PCA. For medium to large data sets, scikit-learn provides an implementation of a truncated PCA

based on random projections (Rokhlin et al., 2009).

k-means. scikit-learn’s k-means algorithm is implemented in pure Python. Its performance is

lim-ited by the fact that numpy’s array operations take multiple passes over data.

6. Conclusion

Scikit-learn exposes a wide variety of machine learning algorithms, both supervised and

unsuper-vised, using a consistent, task-oriented interface, thus enabling easy comparison of methods for a given application. Since it relies on the scientific Python ecosystem, it can easily be integrated into applications outside the traditional range of statistical data analysis. Importantly, the algorithms, implemented in a high-level language, can be used as building blocks for approaches specific to a use case, for example, in medical imaging (Michel et al., 2011). Future work includes online learning, to scale to large data sets.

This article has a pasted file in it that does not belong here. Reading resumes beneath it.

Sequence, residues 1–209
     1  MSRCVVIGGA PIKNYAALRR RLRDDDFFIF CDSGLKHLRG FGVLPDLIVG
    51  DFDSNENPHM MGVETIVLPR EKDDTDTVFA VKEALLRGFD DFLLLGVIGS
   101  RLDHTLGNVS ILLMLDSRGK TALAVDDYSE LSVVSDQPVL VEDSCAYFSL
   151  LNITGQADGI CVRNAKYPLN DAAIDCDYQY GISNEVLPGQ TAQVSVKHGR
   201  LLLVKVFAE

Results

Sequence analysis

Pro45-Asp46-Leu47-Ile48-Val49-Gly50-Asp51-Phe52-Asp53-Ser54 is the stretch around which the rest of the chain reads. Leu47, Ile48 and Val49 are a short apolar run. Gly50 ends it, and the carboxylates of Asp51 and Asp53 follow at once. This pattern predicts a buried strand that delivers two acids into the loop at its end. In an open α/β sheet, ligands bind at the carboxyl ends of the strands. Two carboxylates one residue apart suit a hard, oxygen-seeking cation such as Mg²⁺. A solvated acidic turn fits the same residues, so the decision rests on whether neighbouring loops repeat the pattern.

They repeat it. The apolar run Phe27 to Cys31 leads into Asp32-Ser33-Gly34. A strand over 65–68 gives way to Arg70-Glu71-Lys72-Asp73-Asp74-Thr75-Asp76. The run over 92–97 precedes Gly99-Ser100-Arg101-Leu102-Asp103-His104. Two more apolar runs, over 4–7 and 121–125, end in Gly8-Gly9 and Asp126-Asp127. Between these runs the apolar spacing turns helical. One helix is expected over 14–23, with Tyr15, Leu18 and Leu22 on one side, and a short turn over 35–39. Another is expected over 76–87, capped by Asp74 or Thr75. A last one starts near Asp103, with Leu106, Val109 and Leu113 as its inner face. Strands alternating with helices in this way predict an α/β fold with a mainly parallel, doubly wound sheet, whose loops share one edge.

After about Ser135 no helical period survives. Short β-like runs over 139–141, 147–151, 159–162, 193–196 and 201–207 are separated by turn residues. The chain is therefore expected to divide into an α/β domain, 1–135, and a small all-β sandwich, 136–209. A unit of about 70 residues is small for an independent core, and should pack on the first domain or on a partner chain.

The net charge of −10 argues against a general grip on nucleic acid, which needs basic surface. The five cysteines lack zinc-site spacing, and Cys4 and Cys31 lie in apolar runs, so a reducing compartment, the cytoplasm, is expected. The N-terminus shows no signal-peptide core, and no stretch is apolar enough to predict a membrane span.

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R.E. Fan, K.W. Chang, C.J. Hsieh, X.R. Wang, and C.J. Lin. LIBLINEAR: a library for large linear classification. The Journal of Machine Learning Research, 9:1871–1874, 2008.